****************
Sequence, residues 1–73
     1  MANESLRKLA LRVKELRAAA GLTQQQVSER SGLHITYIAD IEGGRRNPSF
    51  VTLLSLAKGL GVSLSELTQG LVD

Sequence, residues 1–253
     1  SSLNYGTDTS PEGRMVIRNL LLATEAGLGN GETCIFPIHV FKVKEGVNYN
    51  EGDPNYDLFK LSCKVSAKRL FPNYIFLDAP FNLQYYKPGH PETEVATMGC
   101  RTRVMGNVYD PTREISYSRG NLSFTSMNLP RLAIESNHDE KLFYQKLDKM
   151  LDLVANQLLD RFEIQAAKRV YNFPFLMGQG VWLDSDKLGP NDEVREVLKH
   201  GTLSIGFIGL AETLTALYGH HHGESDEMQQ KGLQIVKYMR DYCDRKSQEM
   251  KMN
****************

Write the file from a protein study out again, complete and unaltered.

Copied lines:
Sequence, residues 1–73
     1  MANESLRKLA LRVKELRAAA GLTQQQVSER SGLHITYIAD IEGGRRNPSF
    51  VTLLSLAKGL GVSLSELTQG LVD

Sequence, residues 1–253
     1  SSLNYGTDTS PEGRMVIRNL LLATEAGLGN GETCIFPIHV FKVKEGVNYN
    51  EGDPNYDLFK LSCKVSAKRL FPNYIFLDAP FNLQYYKPGH PETEVATMGC
   101  RTRVMGNVYD PTREISYSRG NLSFTSMNLP RLAIESNHDE KLFYQKLDKM
   151  LDLVANQLLD RFEIQAAKRV YNFPFLMGQG VWLDSDKLGP NDEVREVLKH
   201  GTLSIGFIGL AETLTALYGH HHGESDEMQQ KGLQIVKYMR DYCDRKSQEM
   251  KMN